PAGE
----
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Dallas Jenkins with his three spiritual advisors for the The Chosen (photo is a low-resolution 2-second clip of a YouTube video; used in accordance with the U.S. Fair Use Act; https://www.youtube.com/watch?v=nPUwzjUBWoM))

In December of 2021, Lighthouse Trails posted a YouTube video by an outside source that documented numerous unbiblical aspects of the highly popular series, The Chosen. In January of 2022, Lighthouse Trails released its own documentation in a booklet titled The Chosen Series: 10 Critical Concerns. Prior to and after the release of our booklet, Lighthouse Trails received many phone calls, letters, comments, and e-mails (some from ex-Mormons) expressing concern that Christian leaders like Jack Hibbs, Greg Laurie, and Kirk Cameron were heartily promoting The Chosen. Sometime in April, Lighthouse Trails learned that Jack Hibbs’ ministry was issuing a response regarding their support of the series to those who contacted them with concerns.

Shortly after one of our readers posted the Hibbs response on our blog comments section, we received a comment by another reader, stating that the response coming from Hibbs’ ministry was taken, almost word for word, from a website called gotquestions.org. We confirmed with gotquestions.org that the response given by Hibbs’ ministry did originate with gotquestions.org though no mention of the source was given in the Hibbs response. Nevertheless, our primary concern from our standpoint was the content of the response. Gotquestions.org did accept our offer to receive one of our booklets, and we also had it confirmed with Hibbs’ ministry team that they did receive a copy of our booklet, which we had sent at an earlier date. One of our own writers also did inform Hibbs’ ministry that the response they were issuing was indeed lifted from gotquestions.org, but we did not receive a response back from them at that point.

The purpose of this article is to examine the statement given by Jack Hibbs’ ministry (and either inadvertently or advertently, by gotquestions.org).

Below is the response Hibbs’ ministry has issued regarding The Chosen. (To see the gotquestions.org response, click here). Because this response by the Hibbs’ team was sent directly to one of our own writers, it is within copyright law for us to post this (we have posted it exactly as it was sent and have included our own comments in brackets [ ]) and italicized.

Response from Jack Hibbs’ ministry team regarding Hibbs’ promotion of The Chosen (largely lifted from gotquestions.org):

The Chosen is television show about the life of Christ. Season 1, released in 2019 (with a pilot episode on the birth of Christ released in 2017), garnered attention for several reasons: it is the first TV show of its kind, presenting the life of Christ over multiple seasons (it plans seven seasons total); it was crowd-funded, bringing in more donations (over $11 million).

The show’s creator, Dallas Jenkins (son of Left Behind co-author Jerry Jenkins), has a degree” in Biblical Studies. In creating the show, Jenkins put together a panel of “expert consultants” to ensure biblical and historical accuracy in the script he was co-writing for the show. On the panel were a Messianic Jewish rabbi, a Catholic priest, and an evangelical professor of biblical studies. This is part of the problem with the series! [LT Note: The response gives no explanation as to what they are referring to that is the problem. We assume they are saying this because of the three consultants’ various religious backgrounds. We will be discussing the three consultants in a second booklet on The Chosen in the future.]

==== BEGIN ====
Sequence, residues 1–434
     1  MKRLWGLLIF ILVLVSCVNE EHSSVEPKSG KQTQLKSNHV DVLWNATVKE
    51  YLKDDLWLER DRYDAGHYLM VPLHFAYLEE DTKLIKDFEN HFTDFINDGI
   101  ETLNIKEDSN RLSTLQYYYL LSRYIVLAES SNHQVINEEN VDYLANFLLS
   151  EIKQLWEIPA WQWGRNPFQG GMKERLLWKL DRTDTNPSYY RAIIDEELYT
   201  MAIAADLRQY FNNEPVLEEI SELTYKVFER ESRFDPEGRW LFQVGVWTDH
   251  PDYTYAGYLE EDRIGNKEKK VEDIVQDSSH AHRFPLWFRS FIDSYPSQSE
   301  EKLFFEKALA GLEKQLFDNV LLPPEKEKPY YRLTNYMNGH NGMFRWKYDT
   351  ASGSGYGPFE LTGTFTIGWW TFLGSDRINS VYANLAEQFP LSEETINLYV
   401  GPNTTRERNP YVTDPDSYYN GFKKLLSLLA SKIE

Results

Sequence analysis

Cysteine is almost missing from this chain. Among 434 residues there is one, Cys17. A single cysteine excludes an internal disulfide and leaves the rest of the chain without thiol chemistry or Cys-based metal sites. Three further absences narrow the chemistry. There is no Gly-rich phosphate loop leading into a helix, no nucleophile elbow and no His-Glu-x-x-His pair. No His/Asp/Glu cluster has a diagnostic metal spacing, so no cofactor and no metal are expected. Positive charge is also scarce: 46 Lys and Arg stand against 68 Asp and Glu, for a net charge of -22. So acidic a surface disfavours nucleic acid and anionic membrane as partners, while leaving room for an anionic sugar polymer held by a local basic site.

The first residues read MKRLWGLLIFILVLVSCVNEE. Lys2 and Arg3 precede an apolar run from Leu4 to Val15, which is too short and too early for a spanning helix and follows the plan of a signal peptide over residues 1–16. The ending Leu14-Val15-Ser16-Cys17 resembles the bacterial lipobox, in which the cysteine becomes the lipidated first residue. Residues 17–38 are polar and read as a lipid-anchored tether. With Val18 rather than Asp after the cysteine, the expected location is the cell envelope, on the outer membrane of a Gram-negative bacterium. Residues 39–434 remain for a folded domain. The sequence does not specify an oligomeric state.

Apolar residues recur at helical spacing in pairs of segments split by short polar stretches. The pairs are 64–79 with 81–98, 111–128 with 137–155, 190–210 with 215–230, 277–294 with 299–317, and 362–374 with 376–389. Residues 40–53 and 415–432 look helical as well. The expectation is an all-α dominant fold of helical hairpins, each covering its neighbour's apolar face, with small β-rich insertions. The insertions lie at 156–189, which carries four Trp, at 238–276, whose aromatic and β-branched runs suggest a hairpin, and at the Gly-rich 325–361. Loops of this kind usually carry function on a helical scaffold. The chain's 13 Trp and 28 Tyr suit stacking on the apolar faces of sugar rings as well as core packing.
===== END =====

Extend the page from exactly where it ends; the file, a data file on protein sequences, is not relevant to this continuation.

Jenkins’ goal in creating the show was to help people know Jesus better and love Scripture more. To reach that goal, he and the other scriptwriters took the gospel accounts and added plausible [*] details about the lives of the biblical figures found there. They added backstories to well-known characters and fleshed out other characters who might receive only a passing mention in Scripture. [LT Note: These “backstories” are pure fabrications and in several cases even slanderous such as: 1) saying that Mary Magdelene backslid into sexual promiscuity after her repentance and conversion; 2) calling John the Baptist “creepy John”; 3) saying that Peter went fishing on the Sabbath to pay off a gambling debt; 4) having Jesus and John the Baptist get into a disagreement about whether John should confront Herod over his adultery; and 5) having Jesus rehearse his sermon on the mount and even get suggestions from others on how to present it.]

As with all storytelling based on historical events. some artistic license is evident and when it comes to the word it needs to be spot on 100% In telling the gospel accounts, remember a little levin [sic], leavins [sic] the whole lump as the writers have inserted or modified some characters, storylines, and details of the inspired original. No one is claiming that the show is God’s Word and that too is a problem! The Bible, is the Bible they have stated license is acceptable which is unacceptable especially for believers who know the truth and those who don’t are lured in. [Bold added by LT: The section in bold was added in by Hibbs’ team and was not in the gotquestions.org response. While this statement issues a generic caution, the last paragraph of the response basically gives a contradictory pass to The Chosen.]